Presented with Carbibles
Living in Stockholm, I am back on my bike again, for the first time in 25 years. I don’t have a car and I am loving it since I can get almost anywhere on my bike. I enjoy the fresh air, the beautiful surroundings and the comfort of parking my bike wherever I want to. Not to forget that it is environmentally friendly and cheap. I do admit, if it rains I like to opt for public transport but believe it or not, this hardly happens.
In the Netherlands, there are more bikes than people. Cycling in the Netherlands is often social and casual. The Dutch cycle side-by-side to chat, or even with 3 or 4 or more people. Sometimes they have someone sitting on the back of the bike and/or up front. In Sweden it looks more orderly. People often cycle behind each other and most Swedes wear a helmet or a ‘Hövding’. This is a great Swedish invention and the world’s first airbag bicycle helmet. You wear it like a collar around your neck and in the event of an accident, the airbag inflates like a hood that covers your head.
Sweden for cyclists
It’s the first time since we left the Netherlands that we are in a bike-loving country again and it is great. First of all, it’s a beautiful country and secondly, there’s a bike-friendly infrastructure (at least in most of the urban areas) and drivers are considerate when it comes to cyclists. Additionally, there are public electric bike pumps posted around the cities; how convenient! Yes, when it gets snowy and icy I prefer to walk but I noticed that a lot of Swedes just continue cycling, with or without spiked tires.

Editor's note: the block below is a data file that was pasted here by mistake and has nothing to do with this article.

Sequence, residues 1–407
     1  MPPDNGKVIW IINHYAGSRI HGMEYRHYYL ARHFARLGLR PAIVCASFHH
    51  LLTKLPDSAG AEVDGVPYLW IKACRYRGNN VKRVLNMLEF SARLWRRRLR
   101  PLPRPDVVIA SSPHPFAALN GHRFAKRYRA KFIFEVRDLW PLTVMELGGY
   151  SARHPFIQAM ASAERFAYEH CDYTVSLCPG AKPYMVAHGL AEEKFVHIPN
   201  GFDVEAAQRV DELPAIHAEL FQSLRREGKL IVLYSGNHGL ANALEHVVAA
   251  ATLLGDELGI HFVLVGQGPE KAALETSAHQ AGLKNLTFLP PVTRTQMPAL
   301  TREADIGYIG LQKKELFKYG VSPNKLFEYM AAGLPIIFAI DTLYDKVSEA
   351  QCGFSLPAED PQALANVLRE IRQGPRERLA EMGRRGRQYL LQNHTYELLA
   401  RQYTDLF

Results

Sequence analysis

A few rules to keep in mind while cycling in Sweden:
– Helmets are obligatory until the age of 15
– Traffic lights apply to bikes too. You could be fined 1500 kronor for red light jumping.
– You are not allowed to ride your bike in a pedestrian area, on sidewalks or on a pedestrian crossing. Trust me, Swedes won’t like it if you do. If there is no bike path, you must ride on the right side of the road.
– There are parking spaces for bikes but ‘informal’ parking is also allowed as long as your bike is not in the way.
– You are not allowed to carry another person on a one-person bike unless it’s a child in a child seat.
– This might speak for itself but bikes need to be equipped with a working bell, lights, reflectors, brakes, etc.
– You are not allowed to ride a bike if you are drunk. While there is no legal limit for the alcohol volume accepted when riding a bike, the police can decide if you are not able to ride safely and fine you.
– Bikes aren’t allowed on most trains.
Cycling without age
Since recently I don’t only cycle to get myself around but I also take elderly on a bike ride. With a trishaw, I cycle with residents of a local nursing home. Cycling without age is a movement started in 2012 by Ole Kassow in Denmark. At present more than 1,200 chapter locations around the world offer Cycling Without Age. It is a wonderful initiative where the elderly get a chance to get out, enjoy the fresh air and the community around them and the most interesting stories are being shared during the ride.
Written by Nicole Dekkers
‘I moved to Stockholm in August 2017 and I have been in love with the city ever since. I came here with my husband and our three teenagers. We’re a Dutch family and have lived in different parts of the world for the past 15 years. We feel fortunate to call Stockholm our home now. Travelling is our biggest passion and we can’t wait to explore more of Sweden and Scandinavia. Every move is a new adventure and I like sharing my experiences while getting accustomed to the Swedish culture.’